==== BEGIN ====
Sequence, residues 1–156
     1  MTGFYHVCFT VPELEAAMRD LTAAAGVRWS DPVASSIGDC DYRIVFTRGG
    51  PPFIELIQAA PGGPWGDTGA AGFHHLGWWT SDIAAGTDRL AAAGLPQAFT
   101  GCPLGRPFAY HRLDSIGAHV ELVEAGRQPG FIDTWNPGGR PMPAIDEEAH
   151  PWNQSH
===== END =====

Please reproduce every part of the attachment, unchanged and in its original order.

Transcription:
Sequence, residues 1–156
     1  MTGFYHVCFT VPELEAAMRD LTAAAGVRWS DPVASSIGDC DYRIVFTRGG
    51  PPFIELIQAA PGGPWGDTGA AGFHHLGWWT SDIAAGTDRL AAAGLPQAFT
   101  GCPLGRPFAY HRLDSIGAHV ELVEAGRQPG FIDTWNPGGR PMPAIDEEAH
   151  PWNQSH